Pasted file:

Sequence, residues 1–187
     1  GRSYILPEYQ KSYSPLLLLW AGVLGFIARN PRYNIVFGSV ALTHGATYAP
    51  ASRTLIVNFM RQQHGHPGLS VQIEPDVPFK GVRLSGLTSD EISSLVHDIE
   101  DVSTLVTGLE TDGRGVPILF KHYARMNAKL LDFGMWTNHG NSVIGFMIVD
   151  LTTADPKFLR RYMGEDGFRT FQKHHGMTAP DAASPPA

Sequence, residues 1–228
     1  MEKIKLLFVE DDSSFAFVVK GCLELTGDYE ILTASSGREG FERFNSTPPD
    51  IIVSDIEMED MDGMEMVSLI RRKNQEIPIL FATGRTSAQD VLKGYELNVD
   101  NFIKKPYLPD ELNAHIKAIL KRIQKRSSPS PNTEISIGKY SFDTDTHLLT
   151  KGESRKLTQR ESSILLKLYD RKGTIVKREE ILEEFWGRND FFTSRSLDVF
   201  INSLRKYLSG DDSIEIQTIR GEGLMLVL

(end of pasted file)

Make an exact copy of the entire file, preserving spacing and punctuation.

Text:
Sequence, residues 1–187
     1  GRSYILPEYQ KSYSPLLLLW AGVLGFIARN PRYNIVFGSV ALTHGATYAP
    51  ASRTLIVNFM RQQHGHPGLS VQIEPDVPFK GVRLSGLTSD EISSLVHDIE
   101  DVSTLVTGLE TDGRGVPILF KHYARMNAKL LDFGMWTNHG NSVIGFMIVD
   151  LTTADPKFLR RYMGEDGFRT FQKHHGMTAP DAASPPA

Sequence, residues 1–228
     1  MEKIKLLFVE DDSSFAFVVK GCLELTGDYE ILTASSGREG FERFNSTPPD
    51  IIVSDIEMED MDGMEMVSLI RRKNQEIPIL FATGRTSAQD VLKGYELNVD
   101  NFIKKPYLPD ELNAHIKAIL KRIQKRSSPS PNTEISIGKY SFDTDTHLLT
   151  KGESRKLTQR ESSILLKLYD RKGTIVKREE ILEEFWGRND FFTSRSLDVF
   201  INSLRKYLSG DDSIEIQTIR GEGLMLVL